As Lucy admits unequivocally in her first conversation with Morgan Freeman’s Professor Norman, the more of her cranial capacity she unlocks the less she feels bound by human desires and emotions, leaving Scarlett Johansson’s considerable acting chops in the back room as she delivers her lines in a monotone stretching the small space between bored to languid to just a little bemused. This isn’t development of Lucy as a person — from a hard-partying, poor-judge-of-character exchange student into a vengeful superhero — it’s transformation of her into plot device. She stops being a character and instead becomes a force that happens to other characters, which can work just fine in concept, as long as that character is not the protagonist whose fate and feelings we need to become emotionally involved in. There’s a reason why Watchmen wasn’t just a story about Dr. Manhattan, and even then, Dr. Manhattan’s arc is all about whether humanity matters in his infinitely larger perspective on the universe, concluding with the realization that it does. Lucy asks no such questions about the role of sentience in the wider universe: once Lucy’s post-cranial-capacity motivations are set, she never experiences a moment of doubt or self-questioning. Not that she necessarily needs to, but when you combine that with her swiftly encroaching omnipotence, it makes for drastically lowered stakes. 

Lucy isn’t the only character in the film, but she is the only named female character in the film, and one of only two with more than a single line (well, you might have me there, if you count a few Taiwanese anchorwomen that feature on a few television screens). Her motivation of what to do with her increased cranial capacity, , is given to her by a male character. The movie’s Big Bad isn’t even , but , in a kiss scene so inexplicable that a murmur of confused noises washed through the whole audience at my screening.

Besson’s cinematic flair is clear in the film, with some lovely visuals in the action sequences and a running string of cinematic asides symbolically linking the behavior of characters to the behavior of all manner of biological organisms. In the broader sense, these quick clips and montages provide visual support to the film’s idea of unlocking the mind as the next stage of biological evolution. Some of them are even cute visual jokes. Sequences of Lucy stopping, fast forwarding, and rewinding time are also as spectacular as you’d expect from Besson, turning Manhattan’s modern Times Square to a broad road dotted with the occasional horse-drawn buggy and then to a broad swamp in minutes. But again, this is where the desperate need for a fact checker comes in. If a film is going to rewind time until Manhattan is a swamp and then pause time to acknowledge the Native American presence in that period, it is implied that we are looking at pre-colonial times. And in that case, it would behoove the production to have done enough research to know that proto-horse species went extinct in the American continents more than seven thousand years ago and were not incorporated into Native American culture until they were reintroduced by European settlers. Don’t show us a group of implied pre-colonial Native American men each sitting atop their own steed.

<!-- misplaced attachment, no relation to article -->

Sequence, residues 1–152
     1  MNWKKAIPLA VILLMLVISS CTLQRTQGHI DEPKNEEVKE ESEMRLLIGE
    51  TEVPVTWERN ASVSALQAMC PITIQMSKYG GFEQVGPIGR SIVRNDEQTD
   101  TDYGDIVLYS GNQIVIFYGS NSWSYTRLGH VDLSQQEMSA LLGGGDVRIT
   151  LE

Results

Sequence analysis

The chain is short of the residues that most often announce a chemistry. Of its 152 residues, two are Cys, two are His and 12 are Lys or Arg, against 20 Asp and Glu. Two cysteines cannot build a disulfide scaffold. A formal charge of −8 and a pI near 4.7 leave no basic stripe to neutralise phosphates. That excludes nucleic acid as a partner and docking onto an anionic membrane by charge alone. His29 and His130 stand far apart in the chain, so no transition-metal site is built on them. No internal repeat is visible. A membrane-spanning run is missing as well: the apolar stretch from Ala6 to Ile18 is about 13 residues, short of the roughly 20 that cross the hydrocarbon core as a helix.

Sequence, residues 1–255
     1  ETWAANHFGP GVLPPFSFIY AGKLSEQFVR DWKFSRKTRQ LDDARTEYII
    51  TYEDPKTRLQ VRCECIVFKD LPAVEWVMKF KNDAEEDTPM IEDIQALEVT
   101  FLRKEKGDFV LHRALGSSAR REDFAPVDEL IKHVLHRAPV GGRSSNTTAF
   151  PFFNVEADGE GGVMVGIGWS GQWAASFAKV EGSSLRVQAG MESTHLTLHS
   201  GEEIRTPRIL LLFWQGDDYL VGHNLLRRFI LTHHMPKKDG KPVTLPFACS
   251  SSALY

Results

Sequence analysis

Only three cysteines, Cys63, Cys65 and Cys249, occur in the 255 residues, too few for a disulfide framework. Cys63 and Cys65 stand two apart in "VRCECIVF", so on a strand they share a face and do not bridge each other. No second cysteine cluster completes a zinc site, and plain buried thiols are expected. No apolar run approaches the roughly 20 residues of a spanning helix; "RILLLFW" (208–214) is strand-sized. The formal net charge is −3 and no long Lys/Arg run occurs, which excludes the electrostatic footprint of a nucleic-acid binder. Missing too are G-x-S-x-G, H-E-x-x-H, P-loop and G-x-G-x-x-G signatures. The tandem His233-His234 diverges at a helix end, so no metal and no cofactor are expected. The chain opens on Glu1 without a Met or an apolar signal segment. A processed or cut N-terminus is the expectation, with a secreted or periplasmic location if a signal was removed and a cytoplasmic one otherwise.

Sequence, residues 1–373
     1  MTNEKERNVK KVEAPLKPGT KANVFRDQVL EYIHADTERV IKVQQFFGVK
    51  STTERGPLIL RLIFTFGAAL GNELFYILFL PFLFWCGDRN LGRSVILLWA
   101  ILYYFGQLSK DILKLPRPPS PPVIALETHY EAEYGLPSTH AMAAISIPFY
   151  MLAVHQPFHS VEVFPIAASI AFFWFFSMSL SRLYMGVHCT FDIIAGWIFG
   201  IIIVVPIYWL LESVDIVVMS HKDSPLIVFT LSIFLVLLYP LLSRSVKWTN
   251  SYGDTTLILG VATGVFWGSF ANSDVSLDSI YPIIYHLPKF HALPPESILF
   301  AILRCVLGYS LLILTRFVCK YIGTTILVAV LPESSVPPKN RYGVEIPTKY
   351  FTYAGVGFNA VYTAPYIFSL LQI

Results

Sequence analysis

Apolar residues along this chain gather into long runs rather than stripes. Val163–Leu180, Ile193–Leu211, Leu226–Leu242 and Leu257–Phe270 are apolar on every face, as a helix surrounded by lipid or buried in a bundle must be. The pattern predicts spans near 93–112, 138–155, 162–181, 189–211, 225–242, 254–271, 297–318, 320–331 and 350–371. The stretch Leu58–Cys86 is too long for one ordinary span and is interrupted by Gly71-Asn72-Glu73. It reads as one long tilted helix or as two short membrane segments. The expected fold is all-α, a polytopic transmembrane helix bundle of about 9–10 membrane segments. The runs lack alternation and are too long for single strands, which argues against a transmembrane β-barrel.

In a media landscape where a woman at the lead of an action film, much less directly referenced in its title, is rare, we get hungry for examples that fill that particular niche. And I’m a firm supporter of seeing progress in the monetary success of lady-led action films that aren’t of a particularly high quality, but Lucy‘s problems go beyond a few flat characters and reliance on well-worn tropes. If you’re a Besson fan, it’s worth a watch for the sake of completionism, but if you were hoping for something with the heart, joy, and self-awareness of The Fifth ElementLucy is not the droid you’re looking for.